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UK and US marked down on responsible AI

The UK and US have been rated as leaders in government use of artificial intelligence, but the Nordics and Baltics attained the highest scores for responsible AI

Some of the world’s most advanced countries in terms of artificial intelligence (AI) are not prioritising and practicing responsible AI, a report from Oxford Insights and the International Development Research Centre (IDRC) has warned.

In 2019, the Government AI readiness index reported that the UK led the world in terms of government use of AI. But the latest update for 2020 found that while the UK is still a leader on government AI, it lags many other countries in terms of the responsible use of AI.

Richard Stirling, CEO of Oxford Insights, said AI was transforming banking and the way governments interact with citizens, but “that transformation is not happening in the same way in every country around the world”.

The index puts European countries in a strong position for AI adoption.

According to Walter Pasquarelli, project lead for the AI readiness index at Oxford Insights, Europe has a stable governance structure, which has been a great advantage when developing an AI ecosystem.

“Western European countries dominate the top 20 of this year’s index,” he said. “There has been a rapid increase of AI strategies in Europe. Last year, there were a number of countries that had AI readiness strategies. This year, every country in Europe has a national AI strategy.”

The study found that the UK has the third-highest proportion of AI unicorns, behind America and China.

While the researchers recognised that startups drive innovation, in the US, tech giants such as Google Amazon and IBM have the scale to commercialise AI, the report noted.

The researchers found that in the Baltic-Nordic region such as Finland and Estonia, there must be a greater focus on data representativeness and protection, privacy legislation and national ethics frameworks to protect citizen’s rights and prevent unfair and discriminatory outcomes for certain groups in society.

“There has been a rapid increase of AI strategies in Europe. Last year, there were a number of countries that had AI readiness strategies. This year, every country in Europe has a national AI strategy”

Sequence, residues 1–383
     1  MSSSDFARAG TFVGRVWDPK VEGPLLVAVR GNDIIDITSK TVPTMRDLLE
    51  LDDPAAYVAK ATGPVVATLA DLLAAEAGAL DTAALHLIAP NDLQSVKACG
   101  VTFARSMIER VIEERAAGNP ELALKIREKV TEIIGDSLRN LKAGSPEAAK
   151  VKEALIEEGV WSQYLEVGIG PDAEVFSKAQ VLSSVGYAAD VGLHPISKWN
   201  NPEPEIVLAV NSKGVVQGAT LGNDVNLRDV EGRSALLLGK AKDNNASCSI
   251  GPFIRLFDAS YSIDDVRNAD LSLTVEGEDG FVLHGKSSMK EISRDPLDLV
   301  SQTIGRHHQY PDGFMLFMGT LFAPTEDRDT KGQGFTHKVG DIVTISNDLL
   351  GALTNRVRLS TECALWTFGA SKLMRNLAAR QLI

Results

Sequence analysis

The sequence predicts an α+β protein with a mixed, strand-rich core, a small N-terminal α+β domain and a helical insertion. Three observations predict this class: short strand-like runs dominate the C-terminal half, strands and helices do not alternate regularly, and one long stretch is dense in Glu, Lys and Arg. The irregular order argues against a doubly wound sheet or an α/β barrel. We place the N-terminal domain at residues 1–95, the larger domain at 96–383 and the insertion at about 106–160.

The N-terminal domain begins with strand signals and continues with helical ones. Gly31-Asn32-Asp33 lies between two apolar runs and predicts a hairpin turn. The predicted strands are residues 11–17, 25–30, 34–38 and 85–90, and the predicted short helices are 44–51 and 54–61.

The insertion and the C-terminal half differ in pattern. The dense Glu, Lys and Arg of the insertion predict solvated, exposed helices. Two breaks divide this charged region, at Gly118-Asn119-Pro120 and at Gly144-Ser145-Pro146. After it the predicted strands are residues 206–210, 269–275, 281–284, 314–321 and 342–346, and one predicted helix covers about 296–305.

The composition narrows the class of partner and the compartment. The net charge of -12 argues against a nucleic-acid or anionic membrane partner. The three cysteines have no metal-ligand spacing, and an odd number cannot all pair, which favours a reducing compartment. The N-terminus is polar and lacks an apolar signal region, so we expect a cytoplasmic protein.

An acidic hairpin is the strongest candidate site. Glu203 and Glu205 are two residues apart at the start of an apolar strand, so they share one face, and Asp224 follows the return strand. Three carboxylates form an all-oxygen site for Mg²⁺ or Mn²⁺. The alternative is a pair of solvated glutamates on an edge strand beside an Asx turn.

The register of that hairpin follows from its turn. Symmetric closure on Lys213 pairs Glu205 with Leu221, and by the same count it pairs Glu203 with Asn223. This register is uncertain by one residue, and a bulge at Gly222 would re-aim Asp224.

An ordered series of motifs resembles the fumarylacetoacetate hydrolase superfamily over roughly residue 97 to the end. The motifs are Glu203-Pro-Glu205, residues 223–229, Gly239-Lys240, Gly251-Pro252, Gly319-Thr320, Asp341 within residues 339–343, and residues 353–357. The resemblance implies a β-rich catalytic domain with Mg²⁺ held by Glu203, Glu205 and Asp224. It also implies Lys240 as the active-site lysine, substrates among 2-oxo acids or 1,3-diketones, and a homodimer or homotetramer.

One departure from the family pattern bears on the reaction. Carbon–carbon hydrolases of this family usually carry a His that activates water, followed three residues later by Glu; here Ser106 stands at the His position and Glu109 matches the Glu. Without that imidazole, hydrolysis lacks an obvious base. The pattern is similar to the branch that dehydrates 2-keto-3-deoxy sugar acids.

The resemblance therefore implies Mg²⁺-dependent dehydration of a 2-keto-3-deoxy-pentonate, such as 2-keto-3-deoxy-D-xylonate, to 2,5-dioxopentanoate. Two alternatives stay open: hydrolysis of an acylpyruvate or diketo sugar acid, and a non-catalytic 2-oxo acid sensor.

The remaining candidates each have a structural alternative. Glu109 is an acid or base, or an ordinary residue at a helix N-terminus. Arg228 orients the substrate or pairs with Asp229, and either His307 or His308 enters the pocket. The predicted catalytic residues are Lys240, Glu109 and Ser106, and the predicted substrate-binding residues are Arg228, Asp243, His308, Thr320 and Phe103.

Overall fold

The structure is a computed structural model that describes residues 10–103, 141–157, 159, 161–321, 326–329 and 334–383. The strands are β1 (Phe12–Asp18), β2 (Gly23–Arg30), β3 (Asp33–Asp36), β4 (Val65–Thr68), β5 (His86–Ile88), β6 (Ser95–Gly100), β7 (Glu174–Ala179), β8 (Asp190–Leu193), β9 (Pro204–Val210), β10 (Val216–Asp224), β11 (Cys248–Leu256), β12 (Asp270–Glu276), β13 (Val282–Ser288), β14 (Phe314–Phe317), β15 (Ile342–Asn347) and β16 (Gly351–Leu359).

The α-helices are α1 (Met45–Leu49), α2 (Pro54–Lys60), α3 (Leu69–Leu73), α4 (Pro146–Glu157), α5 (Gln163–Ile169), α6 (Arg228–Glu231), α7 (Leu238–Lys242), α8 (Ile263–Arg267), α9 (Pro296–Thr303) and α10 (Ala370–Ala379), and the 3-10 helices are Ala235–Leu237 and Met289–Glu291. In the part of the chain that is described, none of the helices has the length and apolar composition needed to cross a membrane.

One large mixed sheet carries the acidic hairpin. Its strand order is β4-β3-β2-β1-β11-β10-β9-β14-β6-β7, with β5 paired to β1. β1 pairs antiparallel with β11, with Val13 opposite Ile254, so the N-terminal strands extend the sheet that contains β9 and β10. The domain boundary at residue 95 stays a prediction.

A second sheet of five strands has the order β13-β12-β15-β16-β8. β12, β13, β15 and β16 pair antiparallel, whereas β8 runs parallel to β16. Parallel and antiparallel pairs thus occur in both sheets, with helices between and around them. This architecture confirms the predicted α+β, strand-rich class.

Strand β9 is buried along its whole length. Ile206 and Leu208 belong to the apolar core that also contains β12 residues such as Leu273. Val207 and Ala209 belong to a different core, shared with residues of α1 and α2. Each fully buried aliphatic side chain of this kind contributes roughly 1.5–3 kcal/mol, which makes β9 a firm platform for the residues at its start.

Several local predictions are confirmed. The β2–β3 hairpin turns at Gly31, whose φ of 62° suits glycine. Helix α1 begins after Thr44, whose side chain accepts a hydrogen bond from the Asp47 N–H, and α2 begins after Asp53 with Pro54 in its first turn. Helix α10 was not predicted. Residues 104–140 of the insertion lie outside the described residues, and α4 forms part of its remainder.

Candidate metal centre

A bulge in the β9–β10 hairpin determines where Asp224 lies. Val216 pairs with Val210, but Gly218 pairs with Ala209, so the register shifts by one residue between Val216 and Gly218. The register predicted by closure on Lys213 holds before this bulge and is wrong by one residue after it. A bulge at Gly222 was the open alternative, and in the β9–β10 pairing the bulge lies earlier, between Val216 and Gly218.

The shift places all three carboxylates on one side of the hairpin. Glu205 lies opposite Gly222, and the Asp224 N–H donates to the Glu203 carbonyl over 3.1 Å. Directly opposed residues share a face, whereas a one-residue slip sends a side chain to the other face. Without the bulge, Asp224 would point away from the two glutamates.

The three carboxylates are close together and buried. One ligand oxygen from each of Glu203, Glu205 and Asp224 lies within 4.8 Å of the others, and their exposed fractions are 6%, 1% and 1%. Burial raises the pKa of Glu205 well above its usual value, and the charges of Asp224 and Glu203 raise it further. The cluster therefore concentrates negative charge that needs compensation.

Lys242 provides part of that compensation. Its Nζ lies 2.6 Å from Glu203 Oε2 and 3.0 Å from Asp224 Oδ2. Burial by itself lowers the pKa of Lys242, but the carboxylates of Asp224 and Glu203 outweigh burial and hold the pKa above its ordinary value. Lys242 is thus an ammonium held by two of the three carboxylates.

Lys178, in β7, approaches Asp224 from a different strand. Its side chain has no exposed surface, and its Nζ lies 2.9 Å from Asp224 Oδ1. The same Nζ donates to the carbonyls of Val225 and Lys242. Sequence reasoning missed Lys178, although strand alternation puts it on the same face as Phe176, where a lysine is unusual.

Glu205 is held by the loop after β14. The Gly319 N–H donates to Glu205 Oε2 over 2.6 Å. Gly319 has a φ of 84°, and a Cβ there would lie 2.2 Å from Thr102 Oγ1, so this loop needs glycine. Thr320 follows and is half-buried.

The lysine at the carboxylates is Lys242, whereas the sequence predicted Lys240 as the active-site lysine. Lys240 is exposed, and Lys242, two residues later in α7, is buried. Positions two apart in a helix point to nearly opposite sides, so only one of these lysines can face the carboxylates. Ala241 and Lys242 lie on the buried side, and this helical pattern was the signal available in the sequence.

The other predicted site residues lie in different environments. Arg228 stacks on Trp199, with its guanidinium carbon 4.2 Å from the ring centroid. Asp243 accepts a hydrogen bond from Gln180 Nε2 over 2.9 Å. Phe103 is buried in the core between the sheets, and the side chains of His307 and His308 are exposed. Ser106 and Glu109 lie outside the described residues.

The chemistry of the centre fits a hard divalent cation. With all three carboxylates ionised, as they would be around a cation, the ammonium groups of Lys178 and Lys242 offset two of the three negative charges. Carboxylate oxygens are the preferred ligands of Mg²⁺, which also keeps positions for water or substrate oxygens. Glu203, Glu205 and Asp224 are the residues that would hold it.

Walter Pasquarelli, Oxford Insight

“Our report shows that some of the world’s most AI-advanced countries are not prioritising and practicing responsible AI in the way they should be,” said Stirling. “Nations from the US and the UK to Russia, China and Israel need to ensure that as they implement AI technologies they do it in a way that benefits all their citizens.”

The researchers noted that China has ambitions to challenge the US in global AI dominance, and while the US and the UK are not rated as world leaders in government AI readiness, they scored noticeably lower in terms of responsible use of AI. The AI readiness index rated the US and UK as first and second respectively in terms of government use of and investment in AI. However, they were 24th and 22nd respectively when assessed for responsible AI.

There are a number of possible factors behind this gap. The researchers reported that the US and the UK each have significant technology sectors, in which a number of companies score poorly on the Transparency International Corporate Political Engagement Index.

“There is, therefore, a risk of regulatory capture, where government policy reflects the interests of tech companies more than those of citizens,” they warned. As an example, they said that both the US and the UK have significant surveillance industries. As Computer Weekly has previously reported, the Met Police is facing criticism in the UK for its trial of facial recognition.

“AI is transforming the way in which countries are governed so it will become increasingly important that governments, while capitalising on AI’s potential, also have protocols and regulations in place to ensure implementation is ethical, transparent and inclusive,” said Stirling.

Read more about responsible AI

  • Despite the abundance of decision-making algorithms with social impacts, many companies are not conducting specific audits for bias and discrimination that can help mitigate their potentially negative consequences.
  • Artificial intelligence promises to change the way businesses operate. IT leaders are now taking bias in AI algorithms seriously.

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